We all find ourselves talking often these days about what constitutes credible evidence relevant to any decision. This is especially common in discussions about the evaluation of scientific findings.
One feature of the scientific method that isn’t widely understood are the roles of reproducibility, replicability, and falsifiability in science. These three features are part of the disconnect between lay understandings of a “finding” or “evidence” and a scientist’s meaning of those words.
“Reproducibility” is sometimes meant that consistent results are obtained when a similar study is conducted. Some make a distinction between the notion of reproducibility and “replicability,” by which they mean, usually in an experimental setting, that identical results are obtained when exactly the same conditions occur again. In some sense, replicability requires more full allegiance to the original study’s conditions.
Clearly, scientists gain evidence of great value from events that are unique (e.g., naturally occurring but unique astronomical events). So some evidence can never really be duplicated. But in experimental and even in some observational settings, a conclusion is stronger when it can be reproduced in similar but slightly different settings. If there is a failure to achieve that, then science returns to the original finding to see if it can be replicated.
Part of the peer review process in scientific findings is attempting to judge whether the results are reproducible. Hence, scientists are required to describe their methods as fully as is feasible in order to judge the reproducibility of the results. Bad research can be winnowed out through this process.
Scientists are comfortable with the fact also that hypotheses can rarely be confirmed, but can be judged to be false. As many have noted, just because we have never seen a swan of a different color than white, doesn’t mean that all swans are white. Seeing one’s first black swan, however, immediately allows us to judge false the hypothesis that all swans are white.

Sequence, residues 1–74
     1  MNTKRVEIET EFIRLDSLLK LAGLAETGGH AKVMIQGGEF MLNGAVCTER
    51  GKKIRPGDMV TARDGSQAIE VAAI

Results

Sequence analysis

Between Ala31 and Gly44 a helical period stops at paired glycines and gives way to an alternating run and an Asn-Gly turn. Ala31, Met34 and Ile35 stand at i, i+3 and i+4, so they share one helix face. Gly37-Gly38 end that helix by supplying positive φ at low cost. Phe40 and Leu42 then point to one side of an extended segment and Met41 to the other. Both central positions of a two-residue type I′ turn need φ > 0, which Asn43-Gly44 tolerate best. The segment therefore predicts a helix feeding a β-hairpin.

Scientists are quite comfortable with the fact that the current evidence in any field is a cumulation of plausible hypotheses that have received some support. Careful scientists are quick to note the limitations of their knowledge (anticipating a falsification at some future point). They are comfortable when traditional findings are not reproduced. Often such failure to reproduce a result is the beginning of a breakthrough in the understanding of some phenomena. Falsification is big news that spurs on new work.
For the larger public, not embedded in the scientific method as a perspective, failure to reproduce a result or failure to replicate is troubling. Some viewed the original result as a fact, something that is immutable and fully true. When new scientific results show that the original finding is not true, or true under only a limited set of circumstances, they lose trust with the field that produced the result.
The growing concern with the lack of replicability and of reproducibility is related partially to this lack of understanding that a current scientific understanding is merely that – an understanding of the particular moment in the evolution of findings. At the same time, a field that rewards attempts to replicate and reproduce is one that can more efficiently focus on successful cumulative knowledge building.
I suspect that scientists can do better at communicating the nature of the scientific method. It’s key to maintaining the trust of the public.